The Socialist Equality Party (SEP) stood candidates in Sheffield Central, Holborn and St Pancras in London and Manchester Central to urge the adoption by workers and youth of a socialist and internationalist perspective and the building of a new leadership.
The campaign led by Chris Marsden in Sheffield, Thomas Scripps in London and Dennis Leech in Manchester reached thousands and was followed across Britain and internationally.
The SEP's election statement"No to austerity, militarism and war! Free Julian Assange! For class struggle and socialist internationalism!" explained that "A Corbyn Labour government would do nothing to end the suffering inflicted on millions of working people, because this demands a frontal political assault on the major banks and corporations."
Its critique of Jeremy Corbyn’s record in office in capitulating to his Blairite right wing and refusal to wage any struggle won support particularly among young people and also a sympathetic hearing among workers who said they would still vote Labour as the best means of preventing a Conservative government led by Boris Johnson.
This argument was already discredited and weakened by Corbyn’s rotten record and many workers will now have occasion to rethink their attitude to the issues raised by the SEP, including its position on Brexit.
The manifesto warned against the dangerous divisions fostered in the working class by the 2016 referendum on European Union (EU) membership. It explained, "The conflict over Leave and Remain is between rival right-wing factions of the ruling class over how best to protect the interests of British imperialism." It sought "to mobilise the working class to take power in a United Socialist States of Europe that can utilise the vast resources of the continent to meet the needs of all its peoples."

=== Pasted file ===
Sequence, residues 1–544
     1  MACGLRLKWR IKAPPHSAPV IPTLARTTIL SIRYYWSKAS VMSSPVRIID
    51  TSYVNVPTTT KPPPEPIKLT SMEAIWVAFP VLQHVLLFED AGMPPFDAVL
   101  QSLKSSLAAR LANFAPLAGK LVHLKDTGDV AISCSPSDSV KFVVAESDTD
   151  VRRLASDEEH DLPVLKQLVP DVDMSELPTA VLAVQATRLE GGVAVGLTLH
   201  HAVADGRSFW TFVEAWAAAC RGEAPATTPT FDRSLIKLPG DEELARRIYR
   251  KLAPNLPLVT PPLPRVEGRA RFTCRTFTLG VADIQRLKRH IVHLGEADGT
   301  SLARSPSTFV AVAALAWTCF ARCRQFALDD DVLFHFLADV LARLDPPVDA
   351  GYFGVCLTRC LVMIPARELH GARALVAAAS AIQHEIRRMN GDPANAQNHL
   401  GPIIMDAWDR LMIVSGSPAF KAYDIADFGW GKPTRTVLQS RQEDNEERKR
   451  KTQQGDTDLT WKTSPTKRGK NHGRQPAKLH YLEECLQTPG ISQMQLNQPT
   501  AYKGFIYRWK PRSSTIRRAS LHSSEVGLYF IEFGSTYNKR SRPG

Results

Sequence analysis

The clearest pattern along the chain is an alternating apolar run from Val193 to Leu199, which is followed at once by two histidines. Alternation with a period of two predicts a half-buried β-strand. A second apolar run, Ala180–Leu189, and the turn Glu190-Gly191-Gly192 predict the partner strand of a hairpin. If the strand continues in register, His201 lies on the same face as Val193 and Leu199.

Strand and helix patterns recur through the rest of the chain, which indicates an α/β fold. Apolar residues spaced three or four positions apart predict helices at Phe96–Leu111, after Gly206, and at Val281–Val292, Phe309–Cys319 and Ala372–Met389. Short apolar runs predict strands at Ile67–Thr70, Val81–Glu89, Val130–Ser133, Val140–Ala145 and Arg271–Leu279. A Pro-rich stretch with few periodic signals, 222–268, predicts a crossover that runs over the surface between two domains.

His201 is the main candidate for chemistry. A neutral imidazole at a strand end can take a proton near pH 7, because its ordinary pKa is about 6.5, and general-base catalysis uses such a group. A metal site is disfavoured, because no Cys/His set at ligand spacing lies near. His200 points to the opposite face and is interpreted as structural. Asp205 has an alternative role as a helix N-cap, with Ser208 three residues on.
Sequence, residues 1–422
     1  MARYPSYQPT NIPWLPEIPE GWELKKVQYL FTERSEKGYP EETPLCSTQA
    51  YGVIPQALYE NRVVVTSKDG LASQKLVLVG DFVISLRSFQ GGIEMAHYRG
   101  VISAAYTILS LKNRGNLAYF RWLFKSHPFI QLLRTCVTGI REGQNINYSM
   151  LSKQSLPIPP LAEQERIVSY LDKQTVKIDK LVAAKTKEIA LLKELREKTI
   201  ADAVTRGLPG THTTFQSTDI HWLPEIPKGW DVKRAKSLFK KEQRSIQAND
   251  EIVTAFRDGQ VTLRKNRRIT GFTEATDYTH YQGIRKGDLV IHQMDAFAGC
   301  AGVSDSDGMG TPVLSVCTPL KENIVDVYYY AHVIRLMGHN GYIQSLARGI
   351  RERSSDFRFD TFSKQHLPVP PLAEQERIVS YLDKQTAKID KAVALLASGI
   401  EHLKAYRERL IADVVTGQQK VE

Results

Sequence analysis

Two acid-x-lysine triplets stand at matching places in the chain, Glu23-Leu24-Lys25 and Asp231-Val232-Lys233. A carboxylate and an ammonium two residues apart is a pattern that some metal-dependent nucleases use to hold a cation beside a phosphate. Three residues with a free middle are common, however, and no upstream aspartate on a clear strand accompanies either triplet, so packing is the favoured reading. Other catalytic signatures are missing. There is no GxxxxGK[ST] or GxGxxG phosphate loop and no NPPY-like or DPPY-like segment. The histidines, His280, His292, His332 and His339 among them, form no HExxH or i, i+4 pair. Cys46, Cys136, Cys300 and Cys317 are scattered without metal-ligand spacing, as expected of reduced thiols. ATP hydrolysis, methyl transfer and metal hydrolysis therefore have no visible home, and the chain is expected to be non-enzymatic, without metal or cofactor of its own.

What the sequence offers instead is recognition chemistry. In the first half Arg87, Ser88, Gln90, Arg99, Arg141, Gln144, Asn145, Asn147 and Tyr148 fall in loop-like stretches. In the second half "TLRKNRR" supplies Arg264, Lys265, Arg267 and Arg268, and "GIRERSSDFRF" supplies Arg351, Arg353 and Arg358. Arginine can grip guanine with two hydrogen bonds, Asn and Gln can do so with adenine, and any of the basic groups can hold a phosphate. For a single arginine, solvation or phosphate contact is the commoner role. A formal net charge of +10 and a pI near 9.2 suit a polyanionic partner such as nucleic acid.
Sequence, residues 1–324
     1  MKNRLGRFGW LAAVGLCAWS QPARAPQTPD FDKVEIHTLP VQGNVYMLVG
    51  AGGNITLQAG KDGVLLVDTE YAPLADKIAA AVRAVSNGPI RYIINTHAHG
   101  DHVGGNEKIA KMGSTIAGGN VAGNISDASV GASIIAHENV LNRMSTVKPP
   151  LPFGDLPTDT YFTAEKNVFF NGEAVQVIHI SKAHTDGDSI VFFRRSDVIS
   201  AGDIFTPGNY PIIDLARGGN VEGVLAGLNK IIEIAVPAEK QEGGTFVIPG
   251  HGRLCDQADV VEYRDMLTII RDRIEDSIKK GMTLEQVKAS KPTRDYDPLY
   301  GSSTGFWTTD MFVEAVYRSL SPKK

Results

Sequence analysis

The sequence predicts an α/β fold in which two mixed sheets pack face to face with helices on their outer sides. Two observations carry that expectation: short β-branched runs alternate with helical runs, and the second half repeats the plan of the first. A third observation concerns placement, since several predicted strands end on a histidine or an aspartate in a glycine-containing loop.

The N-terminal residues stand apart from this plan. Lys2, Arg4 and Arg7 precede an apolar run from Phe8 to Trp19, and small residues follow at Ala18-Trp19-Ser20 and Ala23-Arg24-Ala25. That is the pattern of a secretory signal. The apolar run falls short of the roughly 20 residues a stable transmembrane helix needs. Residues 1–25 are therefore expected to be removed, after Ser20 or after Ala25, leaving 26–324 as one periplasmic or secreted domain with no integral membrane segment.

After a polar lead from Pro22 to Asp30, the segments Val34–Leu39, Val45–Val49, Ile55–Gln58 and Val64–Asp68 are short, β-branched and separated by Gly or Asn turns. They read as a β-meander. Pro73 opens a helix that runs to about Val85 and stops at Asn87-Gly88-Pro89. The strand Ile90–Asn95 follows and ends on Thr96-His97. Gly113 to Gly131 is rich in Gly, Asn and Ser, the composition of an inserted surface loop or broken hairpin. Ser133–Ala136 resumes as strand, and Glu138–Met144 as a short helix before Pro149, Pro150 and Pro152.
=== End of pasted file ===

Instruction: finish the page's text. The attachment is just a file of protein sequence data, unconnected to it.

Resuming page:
The SEP made the fight for the freedom of WikiLeaks founder Julian Assange a central pillar of its campaign and called for the broadest mobilisation in his defence. As the statement explained, "Assange is being punished for exposing war crimes, as a warning to others to keep quiet. Yet neither Corbyn’s Labour Party nor a single trade union has lifted a finger in his defence. Nor have any of Britain’s pseudo-left groups."
These were the issues raised at husting in which SEP candidates spoke.
SEP National Secretary Chris Marsden spoke at King Edward VII School at a hustings attended by around 200 students. He won support for the SEP’s programme addressing a young audience who were “the unluckiest generation of the post-war period, going out into the world and getting an education under conditions where the jobs market is terrible, wages are declining, zero hours contracts have become the norm, where there is a huge climate crisis. The world is enflamed by nationalism and the development of right-wing movements.” But, he continued, "you are also the luckiest generation in history because you have the opportunity to change the world.”
Marsden answered questions on the climate crisis, raging social inequality, Brexit, and British imperialism's human rights violations. He concluded, calling for all assembled to fight for Julian Assange's freedom.
Marsden was also invited to a hustings at the Madina Masjid mosque in Sheffield, called primarily to discuss the desperate situation facing working people in Kashmir and Palestine. He denounced the media blackout over the brutal and sustained repression in Kashmir and explained its origins in inter-imperialist conflict. "Kashmir has been a terrible victim of the partition of India on religious and communal lines; it has never enjoyed any sustained period of peace. But there is something else about Kashmir now. It is standing in the way of a conflict between India and China, with India working in alliance with the United States. No one will condemn it, no one will raise a protest against the terrible treatment of the Kashmiris, because Kashmir is a victim of the most dangerous geopolitics, the kind that could end in a world war."
Marsden warned, "We are on the cusp of the most dangerous period the world has ever seen. The working class must mobilise against that." He explained "the struggles in Kashmir must be united with the struggles of the Palestinians. They must be united with the struggles of suffering humanity all over the world, for a system based on production for need, not profit."